When historians trace back the roots of today’s opioid epidemic, they often find themselves returning to the wave of addiction that swept the U.S. in the late 19th century. That was when physicians first got their hands on morphine: a truly effective treatment for pain, delivered first by tablet and then by the newly invented hypodermic syringe. With no criminal regulations on morphine, opium or heroin, many of these drugs became the "secret ingredient" in readily available, dubiously effective medicines.
In the 19th century, after all, there was no Food and Drug Administration (FDA) to regulate the advertising claims of health products. In such a climate, a popular so-called “patent medicine” market flourished. Manufacturers of these nostrums often made misleading claims and kept their full ingredients list and formulas proprietary, though we now know they often contained cocaine, opium, morphine, alcohol and other intoxicants or toxins.
Products like heroin cough drops and cocaine-laced toothache medicine were sold openly and freely over the counter, using colorful advertisements that can be downright shocking to modern eyes. Take this 1885 print ad for Mrs. Winslow’s Soothing Syrup for Teething Children, for instance, showing a mother and her two children looking suspiciously beatific. The morphine content may have helped.
Yet while it’s easy to blame patent medicines and American negligence for the start of the first opioid epidemic, the real story is more complicated. First, it would be a mistake to assume that Victorian era Americans were just hunky dory with giving infants morphine syrup. The problem was, they just didn’t know. It took the work of muckraking journalists such as Samuel Hopkins Adams, whose exposé series, “The Great American Fraud” appeared in Colliers from 1905 to 1906, to pull back the curtain.
But more than that, widespread opiate use in Victorian America didn’t start with the patent medicines. It started with doctors.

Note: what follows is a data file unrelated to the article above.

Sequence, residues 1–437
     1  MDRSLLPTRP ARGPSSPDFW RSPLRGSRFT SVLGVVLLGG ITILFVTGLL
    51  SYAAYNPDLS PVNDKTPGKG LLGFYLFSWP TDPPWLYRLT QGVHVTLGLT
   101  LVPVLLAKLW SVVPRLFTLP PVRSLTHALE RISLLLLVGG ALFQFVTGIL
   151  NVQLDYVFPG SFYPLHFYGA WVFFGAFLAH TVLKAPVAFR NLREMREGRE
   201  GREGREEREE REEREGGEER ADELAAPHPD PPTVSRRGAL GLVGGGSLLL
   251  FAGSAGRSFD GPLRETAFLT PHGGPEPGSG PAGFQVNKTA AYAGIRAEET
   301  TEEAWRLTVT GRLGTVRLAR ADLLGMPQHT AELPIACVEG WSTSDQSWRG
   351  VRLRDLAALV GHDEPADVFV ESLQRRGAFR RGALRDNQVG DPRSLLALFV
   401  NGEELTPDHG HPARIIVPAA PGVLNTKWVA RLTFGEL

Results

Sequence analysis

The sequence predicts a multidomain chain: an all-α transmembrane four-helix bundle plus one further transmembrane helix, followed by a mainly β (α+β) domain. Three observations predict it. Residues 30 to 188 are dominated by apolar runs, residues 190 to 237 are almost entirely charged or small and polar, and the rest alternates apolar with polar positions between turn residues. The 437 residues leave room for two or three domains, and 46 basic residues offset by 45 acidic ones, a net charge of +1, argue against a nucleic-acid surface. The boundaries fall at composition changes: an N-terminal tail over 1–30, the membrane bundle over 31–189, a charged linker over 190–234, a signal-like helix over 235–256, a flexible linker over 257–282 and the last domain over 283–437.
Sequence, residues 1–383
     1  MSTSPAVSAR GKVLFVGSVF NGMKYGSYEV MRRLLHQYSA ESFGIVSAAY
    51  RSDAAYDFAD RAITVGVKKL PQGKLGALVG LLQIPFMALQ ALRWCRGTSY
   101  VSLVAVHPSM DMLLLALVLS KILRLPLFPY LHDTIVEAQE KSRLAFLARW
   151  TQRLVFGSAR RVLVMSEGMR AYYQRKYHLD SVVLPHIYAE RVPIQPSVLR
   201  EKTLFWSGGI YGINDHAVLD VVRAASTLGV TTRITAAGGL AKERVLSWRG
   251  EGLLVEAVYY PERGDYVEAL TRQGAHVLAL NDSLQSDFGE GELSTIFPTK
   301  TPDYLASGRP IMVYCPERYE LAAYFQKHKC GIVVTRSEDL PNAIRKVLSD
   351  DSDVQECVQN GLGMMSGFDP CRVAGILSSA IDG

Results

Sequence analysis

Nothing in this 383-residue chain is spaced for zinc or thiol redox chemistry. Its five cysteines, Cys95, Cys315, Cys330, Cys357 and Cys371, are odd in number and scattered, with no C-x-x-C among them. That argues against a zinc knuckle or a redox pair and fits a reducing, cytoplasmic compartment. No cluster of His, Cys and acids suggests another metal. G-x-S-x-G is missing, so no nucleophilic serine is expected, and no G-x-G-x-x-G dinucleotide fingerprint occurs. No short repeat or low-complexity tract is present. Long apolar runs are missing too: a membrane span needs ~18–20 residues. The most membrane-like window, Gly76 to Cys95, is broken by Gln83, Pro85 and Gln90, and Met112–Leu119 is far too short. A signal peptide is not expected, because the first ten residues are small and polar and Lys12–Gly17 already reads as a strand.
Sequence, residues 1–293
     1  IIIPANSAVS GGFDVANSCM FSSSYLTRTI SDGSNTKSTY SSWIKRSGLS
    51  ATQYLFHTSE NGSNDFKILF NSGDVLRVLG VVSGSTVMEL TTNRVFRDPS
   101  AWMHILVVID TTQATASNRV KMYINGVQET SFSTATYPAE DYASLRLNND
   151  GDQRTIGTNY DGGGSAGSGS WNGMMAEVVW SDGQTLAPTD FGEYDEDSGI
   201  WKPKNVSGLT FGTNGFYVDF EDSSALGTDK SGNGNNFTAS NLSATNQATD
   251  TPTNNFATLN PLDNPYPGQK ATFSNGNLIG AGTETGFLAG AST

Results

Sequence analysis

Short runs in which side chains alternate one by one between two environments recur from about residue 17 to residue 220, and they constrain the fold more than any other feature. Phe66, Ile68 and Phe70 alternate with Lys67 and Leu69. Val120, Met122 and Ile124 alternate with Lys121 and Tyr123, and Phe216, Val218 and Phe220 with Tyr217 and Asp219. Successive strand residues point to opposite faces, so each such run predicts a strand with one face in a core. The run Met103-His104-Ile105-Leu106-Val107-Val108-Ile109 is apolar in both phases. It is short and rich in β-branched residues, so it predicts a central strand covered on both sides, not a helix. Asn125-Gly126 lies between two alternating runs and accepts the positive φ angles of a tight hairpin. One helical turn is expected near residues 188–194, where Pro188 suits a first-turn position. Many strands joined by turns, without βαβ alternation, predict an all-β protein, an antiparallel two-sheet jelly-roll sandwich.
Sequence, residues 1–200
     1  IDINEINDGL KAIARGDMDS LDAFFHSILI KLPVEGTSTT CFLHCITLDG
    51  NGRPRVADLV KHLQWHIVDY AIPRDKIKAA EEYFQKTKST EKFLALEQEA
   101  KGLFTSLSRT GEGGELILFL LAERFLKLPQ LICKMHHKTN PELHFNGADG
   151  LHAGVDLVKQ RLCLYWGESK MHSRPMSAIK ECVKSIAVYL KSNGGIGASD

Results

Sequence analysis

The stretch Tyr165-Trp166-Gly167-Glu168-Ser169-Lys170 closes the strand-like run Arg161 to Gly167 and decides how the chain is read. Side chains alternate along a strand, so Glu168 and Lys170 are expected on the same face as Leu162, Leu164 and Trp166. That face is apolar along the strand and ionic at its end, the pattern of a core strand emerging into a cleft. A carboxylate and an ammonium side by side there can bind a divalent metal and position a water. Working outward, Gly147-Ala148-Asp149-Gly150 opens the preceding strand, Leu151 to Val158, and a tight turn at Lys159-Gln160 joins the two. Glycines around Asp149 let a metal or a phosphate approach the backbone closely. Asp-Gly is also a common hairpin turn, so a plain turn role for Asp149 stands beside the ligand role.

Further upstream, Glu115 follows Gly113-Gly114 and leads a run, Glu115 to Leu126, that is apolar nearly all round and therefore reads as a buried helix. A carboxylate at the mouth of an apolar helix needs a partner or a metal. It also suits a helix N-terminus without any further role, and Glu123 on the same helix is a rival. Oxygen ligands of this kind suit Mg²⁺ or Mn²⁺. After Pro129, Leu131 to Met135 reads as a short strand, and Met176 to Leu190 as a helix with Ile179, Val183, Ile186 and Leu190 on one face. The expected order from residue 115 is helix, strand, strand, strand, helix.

The Origins of Addiction
Patent medicines typically contained relatively small quantities of morphine and other drugs, says David Herzbwrg, a professor of history at SUNY-University at Buffalo. “It’s pretty well recognized that none of those products produced any addiction,” says Herzberg, who is currently writing a history of legal narcotics in America.
Until the Harrison Narcotics Act of 1914, there were no federal laws regulating drugs such as morphine or cocaine. Moreover, even in those states that had regulations on the sale of narcotics beginning in the 1880s, Herzberg notes that “laws were not part of the criminal code, instead they were part of medical/pharmacy regulations.”
The laws that existed weren't well-enforced. Unlike today, a person addicted to morphine could take the same “tattered old prescription” back to a compliant druggist again and again for a refill, says David Courtwright, a historian of drug use and policy at the University of North Florida.
And for certain ailments, patent medicines could be highly effective, he adds. “Quite apart from the placebo effect, a patent medicine might contain a drug like opium,” says Courtwright, whose book Dark Paradise: A History of Opiate Addiction in America, provides much of the original scholarship in this area. “If buyers took a spoonful because they had, say, a case of the runs, the medicine probably worked.” (After all, he points out, “opium is a constipating agent.”)
Patent medicines may not have been as safe as we would demand today or live up to claims of panacea, but when it came to coughs and diarrhea, they probably got the job done. “Those drugs are really famous, and they do speak to a time where markets were a little bit out of control,” Herzberg says. "But the vast majority of addiction during their heyday was caused by physicians.”
Marketing to Doctors